TIFF Reveals Full Details on Massive, Media-spanning “THE CRONENBERG PROJECT”Movies/TV,News Samuel Zimmerman 1 Comment
A staggering monument to a modern master, this fall the Toronto International Film Festival’s CRONENBERG PROJECT will serve as an exhibition seemingly unlike any other. Honoring Cronenberg and his contributions to film and media, the lengthy (it spans well into winter 2014) Project is comprised of a great many components including two film retrospectives (one of all Cronenberg films, and one of the “Rise of Body Horror”); a museum-esque exhibition including props, costumes and audio-visual elements that trace the evolution of his career and filmography; one of Guillermo del Toro’s beloved Master Classes with Cronenberg in attendance; and an actual space to take you within the filmmaker’s mind and films and much more. Additionally, FANGORIA will be on hand, honored to be playing an as-yet unannounced role in The CRONENBERG PROJECT.
For the full details, see the comprehensive release below and visit the official site of THE CRONENBERG PROJECT.
Piers Handling, CEO and Director, TIFF and Noah Cowan, Artistic Director, TIFF Bell Lightbox along with David Cronenberg came together this morning at a press conference held at TIFF Bell Lightbox to unveil exciting new details of The Cronenberg Project. Included in the announcements were the full film retrospective and sidebar film programme, eBook and a selection of special guests and events. The Cronenberg Project, TIFF’s multi-platform celebration of Cronenberg’s work, will have its world premiere at TIFF Bell Lightbox from November 1, 2013 to January 19, 2014. Additional details for the original film exhibition David Cronenberg: Evolution, digital-experience extension Body/Mind/Change, visual art exhibition David Cronenberg: Transformation, the David Cronenberg: Virtual Exhibition and original publications that comprise The Cronenberg Project were also announced.
TIFF’s first original major touring exhibition—and the core component of The Cronenberg Project—David Cronenberg: Evolution parallels David Cronenberg’s evolution as a filmmaker with his ongoing examination of human evolution. The exhibition will be divided into three major sections that, through props, costumes, audio-visual elements and behind-the-scenes footage, trace thematic developments across Cronenberg’s cinema while exploring sub-themes of sexual control, personal identity and Cronenberg’s relationship to science and science fiction. The first section, titled Who Is My Creator?, comprises Cronenberg’s earliest works, from Stereo (1969) to his breakthrough film Videodrome (1983), and examines his protagonists’ search for father figures within the worlds of science and technology. Who Am I? looks at Cronenberg’s “middle period” from The Dead Zone (1983) to eXistenZ (1999), as characters seek control of their own identities and divided selves, and experiments with their own bodies. Who Are We? takes these protagonists out into the world, examining both their psychological and physical relationship to family, friends and society, from Spider (2002) up to Cronenberg’s most recent film with Cosmopolis (2012).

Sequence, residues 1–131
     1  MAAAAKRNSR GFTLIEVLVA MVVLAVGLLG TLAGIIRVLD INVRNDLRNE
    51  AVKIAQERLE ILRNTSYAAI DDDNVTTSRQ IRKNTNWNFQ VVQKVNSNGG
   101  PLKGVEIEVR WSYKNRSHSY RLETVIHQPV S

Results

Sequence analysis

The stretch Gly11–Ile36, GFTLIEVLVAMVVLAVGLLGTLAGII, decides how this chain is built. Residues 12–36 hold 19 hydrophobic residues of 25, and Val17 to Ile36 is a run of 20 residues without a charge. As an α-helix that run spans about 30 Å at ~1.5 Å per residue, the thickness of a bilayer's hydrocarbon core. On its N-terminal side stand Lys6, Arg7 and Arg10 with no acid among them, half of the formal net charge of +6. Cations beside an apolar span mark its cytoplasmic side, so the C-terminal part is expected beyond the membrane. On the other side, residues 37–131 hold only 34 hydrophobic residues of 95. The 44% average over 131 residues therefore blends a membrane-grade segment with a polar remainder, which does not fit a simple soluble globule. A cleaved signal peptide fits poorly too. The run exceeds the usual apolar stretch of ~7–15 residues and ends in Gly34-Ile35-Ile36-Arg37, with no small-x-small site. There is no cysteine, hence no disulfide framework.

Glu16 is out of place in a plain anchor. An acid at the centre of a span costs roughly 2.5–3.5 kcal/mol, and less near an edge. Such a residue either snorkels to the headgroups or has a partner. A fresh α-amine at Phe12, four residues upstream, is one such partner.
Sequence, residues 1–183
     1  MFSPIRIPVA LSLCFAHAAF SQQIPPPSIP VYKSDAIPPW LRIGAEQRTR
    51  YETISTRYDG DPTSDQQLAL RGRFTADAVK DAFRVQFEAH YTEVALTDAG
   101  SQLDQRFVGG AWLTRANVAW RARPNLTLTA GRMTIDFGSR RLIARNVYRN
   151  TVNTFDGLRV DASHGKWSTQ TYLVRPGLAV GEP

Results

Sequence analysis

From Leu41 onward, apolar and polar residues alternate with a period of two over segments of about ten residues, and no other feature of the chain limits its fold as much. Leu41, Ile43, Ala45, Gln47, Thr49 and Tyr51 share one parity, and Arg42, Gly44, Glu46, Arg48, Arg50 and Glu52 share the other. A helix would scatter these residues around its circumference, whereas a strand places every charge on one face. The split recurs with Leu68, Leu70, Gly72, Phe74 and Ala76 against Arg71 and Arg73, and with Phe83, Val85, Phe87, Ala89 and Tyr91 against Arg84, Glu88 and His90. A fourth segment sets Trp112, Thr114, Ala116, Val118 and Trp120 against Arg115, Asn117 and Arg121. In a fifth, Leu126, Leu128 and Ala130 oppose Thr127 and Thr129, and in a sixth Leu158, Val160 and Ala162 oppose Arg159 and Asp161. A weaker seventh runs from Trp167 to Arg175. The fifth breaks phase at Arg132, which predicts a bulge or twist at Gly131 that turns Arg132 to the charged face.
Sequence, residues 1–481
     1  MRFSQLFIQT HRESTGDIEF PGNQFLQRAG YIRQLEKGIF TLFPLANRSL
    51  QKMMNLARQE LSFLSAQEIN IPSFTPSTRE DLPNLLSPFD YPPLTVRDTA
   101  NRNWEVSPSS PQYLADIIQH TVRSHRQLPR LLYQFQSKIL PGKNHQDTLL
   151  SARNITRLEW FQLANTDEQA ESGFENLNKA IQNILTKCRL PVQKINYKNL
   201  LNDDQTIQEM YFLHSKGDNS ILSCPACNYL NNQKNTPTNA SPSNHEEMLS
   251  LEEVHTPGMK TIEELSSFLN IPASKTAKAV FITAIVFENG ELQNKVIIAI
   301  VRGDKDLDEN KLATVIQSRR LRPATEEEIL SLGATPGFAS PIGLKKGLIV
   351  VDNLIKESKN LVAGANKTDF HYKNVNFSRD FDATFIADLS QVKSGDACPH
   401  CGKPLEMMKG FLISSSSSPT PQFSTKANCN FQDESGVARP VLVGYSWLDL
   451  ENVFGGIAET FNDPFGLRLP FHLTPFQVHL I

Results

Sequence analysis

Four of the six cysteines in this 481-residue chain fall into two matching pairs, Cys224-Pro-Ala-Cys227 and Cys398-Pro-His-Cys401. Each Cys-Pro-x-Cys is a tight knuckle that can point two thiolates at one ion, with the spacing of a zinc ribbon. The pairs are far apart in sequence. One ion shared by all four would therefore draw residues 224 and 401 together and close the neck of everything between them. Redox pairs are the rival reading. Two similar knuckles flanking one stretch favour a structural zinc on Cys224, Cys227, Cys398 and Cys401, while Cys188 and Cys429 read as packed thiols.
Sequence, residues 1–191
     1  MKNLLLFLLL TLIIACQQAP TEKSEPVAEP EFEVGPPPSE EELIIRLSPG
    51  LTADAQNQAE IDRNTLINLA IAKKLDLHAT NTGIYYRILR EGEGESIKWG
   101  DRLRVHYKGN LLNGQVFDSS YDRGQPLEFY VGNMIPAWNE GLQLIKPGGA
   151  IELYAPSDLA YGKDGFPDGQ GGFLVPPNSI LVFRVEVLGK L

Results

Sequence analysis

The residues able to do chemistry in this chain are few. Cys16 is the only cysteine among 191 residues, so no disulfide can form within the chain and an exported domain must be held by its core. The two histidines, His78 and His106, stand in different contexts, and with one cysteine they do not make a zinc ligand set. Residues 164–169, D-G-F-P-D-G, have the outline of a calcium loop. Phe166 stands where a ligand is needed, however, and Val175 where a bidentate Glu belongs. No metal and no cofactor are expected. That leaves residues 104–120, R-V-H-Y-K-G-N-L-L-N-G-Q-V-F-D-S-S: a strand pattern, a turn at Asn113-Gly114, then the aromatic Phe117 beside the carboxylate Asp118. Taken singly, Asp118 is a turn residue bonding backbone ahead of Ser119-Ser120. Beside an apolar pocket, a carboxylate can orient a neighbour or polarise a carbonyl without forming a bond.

Other newly announced highlights include two subsections of David Cronenberg: Evolution, offering audiences the chance to step inside the world and mind of David Cronenberg. At the exit of the exhibition will be a special viewing area where short films by David Cronenberg will be screened; and inside the exhibition, there will be a special space devoted to Naked Lunch—including a recreation of the film’s famous bar, complete with Mugwump—in part as a tribute to William S. Burroughs and other 20th century artists and thinkers that have informed and inspired Cronenberg’s work.
“As the international community turns its attention to Toronto for the Festival, we are thrilled to share a piece of our legacy with David Cronenberg, one of the world’s greatest living filmmakers and someone who represents Canadian cinema at its very best,” said Piers Handling, CEO and Director, TIFF. “TIFF has grown and evolved alongside David for over three decades, and with The Cronenberg Project we celebrate David’s history while also moving forward into a new era for TIFF Bell Lightbox with our first large-scale, original touring exhibition.”
“David Cronenberg has made an immeasurable contribution to Canadian and global cinema. TIFF has been fortunate enough to have worked with him throughout his career to amass a significant collection of artifacts and documents that have made this celebration possible,” added Noah Cowan, Artistic Director, TIFF Bell Lightbox. “We are approaching Cronenberg’s work across multiple platforms, with a number of creative partners, to create an immersive and experiential project that has been our dream since TIFF Bell Lightbox was conceived. This is what TIFF Bell Lightbox was built for.”
“My personal and professional roots are in Toronto, so to have an exhibition of my work created and displayed here by an organization that has had such an indelible impact on my career is an especially unique and humbling experience,” said David Cronenberg.